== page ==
Washington dairies ask for dismissal of manure lawsuits
By CAROL RYAN DUMAS
Five dairies in Washington's Yakima Valley have filed a motion to dismiss lawsuits against them brought by the Community Association for Restoration of the Environment and the Center for Food Safety.
Plaintiffs allege that manure is a solid waste and when applied on land or stored is leaching nitrates and contaminating groundwater in violation of the Resource Conservation and Recovery Act.
The plaintiffs want manure classified as a solid waste and dairies treated as open dumps, such as municipal landfills, and regulated under that law, said the dairies' attorney, Hugh O'Riordan, of Givens and Pursley.
"It's a real stretch of the law," he said.
Manure is not a solid waste, and it is not being disposed of. It's a soil nutrient, and the law does not regulate manure, he said.
Similar lawsuits attempting to regulate chicken manure and power poles treated with insecticide under the law were dismissed on the grounds that chicken manure is a soil amendment and power poles were not being disposed of, he said.
"It's the same argument for us. It's being used for nutrient management plans and it's not waste; it's a useful product," he said.
A motion to dismiss the lawsuits was filed April 29 in Federal District Court, Eastern District of Washington, he said.
Plaintiffs are seeking a declaration that by operating illegal dumps, the dairies are contaminating ground water in the Yakima Valley. They are asking for temporary and permanent injunctive relief plus civil penalties of $37,500 a day per violation of the law, fines and attorney fees, he said.
They are saying the way manure is applied or composted makes it waste. A farm is not a dump, but they are alleging it is an unpermitted landfill, he said.
"It's a very radical view," he said.
Dairy and beef producers are concerned about the precedent that could be set if the plaintiffs prevail. The implication is that anyone who applies manure on land would have to be permitted and manure would be treated like municipal waste. Every farm in the country would have to be licensed like a solid waste landfill, he said.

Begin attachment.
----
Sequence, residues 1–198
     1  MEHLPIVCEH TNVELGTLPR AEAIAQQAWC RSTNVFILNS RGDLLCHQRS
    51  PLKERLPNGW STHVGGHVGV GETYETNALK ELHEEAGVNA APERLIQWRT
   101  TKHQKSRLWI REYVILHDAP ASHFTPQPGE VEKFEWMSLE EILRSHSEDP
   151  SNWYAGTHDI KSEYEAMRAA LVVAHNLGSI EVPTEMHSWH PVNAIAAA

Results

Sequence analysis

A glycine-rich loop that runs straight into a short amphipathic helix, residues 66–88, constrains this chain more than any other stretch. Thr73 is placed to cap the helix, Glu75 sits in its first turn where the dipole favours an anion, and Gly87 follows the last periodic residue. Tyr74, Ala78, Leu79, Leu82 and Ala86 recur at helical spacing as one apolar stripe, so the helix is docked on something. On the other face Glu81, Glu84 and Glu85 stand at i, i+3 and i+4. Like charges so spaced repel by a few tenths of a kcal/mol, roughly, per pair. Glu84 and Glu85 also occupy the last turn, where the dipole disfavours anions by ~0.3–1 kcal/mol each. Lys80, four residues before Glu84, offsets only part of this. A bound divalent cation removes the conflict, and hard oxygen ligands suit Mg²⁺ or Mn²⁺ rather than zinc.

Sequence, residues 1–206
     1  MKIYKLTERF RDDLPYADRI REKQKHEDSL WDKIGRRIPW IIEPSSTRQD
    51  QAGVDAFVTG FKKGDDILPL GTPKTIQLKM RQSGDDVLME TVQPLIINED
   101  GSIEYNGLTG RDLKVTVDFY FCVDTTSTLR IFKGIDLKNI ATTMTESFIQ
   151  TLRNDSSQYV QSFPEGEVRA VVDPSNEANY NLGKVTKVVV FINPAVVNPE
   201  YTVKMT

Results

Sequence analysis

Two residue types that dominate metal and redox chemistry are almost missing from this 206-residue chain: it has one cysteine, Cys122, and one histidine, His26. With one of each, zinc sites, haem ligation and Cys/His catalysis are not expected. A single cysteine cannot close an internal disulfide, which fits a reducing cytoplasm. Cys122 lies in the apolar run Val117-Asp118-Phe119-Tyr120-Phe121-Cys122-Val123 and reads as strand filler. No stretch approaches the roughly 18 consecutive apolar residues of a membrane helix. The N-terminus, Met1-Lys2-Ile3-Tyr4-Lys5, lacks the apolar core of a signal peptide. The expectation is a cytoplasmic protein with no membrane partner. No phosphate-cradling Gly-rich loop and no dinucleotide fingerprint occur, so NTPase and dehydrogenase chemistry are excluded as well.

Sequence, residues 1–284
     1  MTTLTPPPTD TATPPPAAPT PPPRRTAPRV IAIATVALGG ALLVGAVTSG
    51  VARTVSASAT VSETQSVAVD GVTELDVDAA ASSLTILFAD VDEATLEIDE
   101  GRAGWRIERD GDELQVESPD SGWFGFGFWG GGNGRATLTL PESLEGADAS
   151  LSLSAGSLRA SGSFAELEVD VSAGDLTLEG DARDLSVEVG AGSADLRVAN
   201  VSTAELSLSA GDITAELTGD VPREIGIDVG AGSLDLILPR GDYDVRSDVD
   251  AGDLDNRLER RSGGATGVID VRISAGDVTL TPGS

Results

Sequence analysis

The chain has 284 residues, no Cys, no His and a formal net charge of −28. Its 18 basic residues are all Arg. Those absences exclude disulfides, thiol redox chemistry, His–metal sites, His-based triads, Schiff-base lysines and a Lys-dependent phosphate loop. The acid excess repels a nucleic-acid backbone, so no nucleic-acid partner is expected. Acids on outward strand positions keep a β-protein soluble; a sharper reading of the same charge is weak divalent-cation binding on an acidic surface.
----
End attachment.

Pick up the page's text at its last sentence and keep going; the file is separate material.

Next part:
"RCRA was never intended to do that," he said.
If the plaintiffs prevail, it will cost the dairies hundreds of millions of dollars. But the issue is not about the five farms, it's about changing the law, said Dan Wood, director of government affairs for the Washington State Dairy Federation.
The law is very clear that manure is neither a solid waste nor a hazardous waste, he said.
If the lawsuits are successful, they will put livestock agriculture out of business and put even more than livestock agriculture in jeopardy, he said.
The plaintiffs are not going to stop, and the organizations fighting the suit are prepared to take it to the Supreme Court level, he said.
"It's a national precedent-setting case," said Bob Naerebout, executive director of Idaho Dairymen's Association.
The pending lawsuits have implications for all livestock operations regardless of their size or location, he said.
IDA's board of directors has authorized IDA to cover half of the legal fees for the defendant dairies through its Independent Dairy Environmental Action League.
The Washington Agricultural Legal Foundation is covering the other half, Wood said.
In the plaintiffs' original complaint filed in February, they also alleged violations of the Emergency Planning and Community Right to Know Act and the Comprehensive Environmental Response Compensation and Liability Act but have since dropped those allegations, O'Riordan said.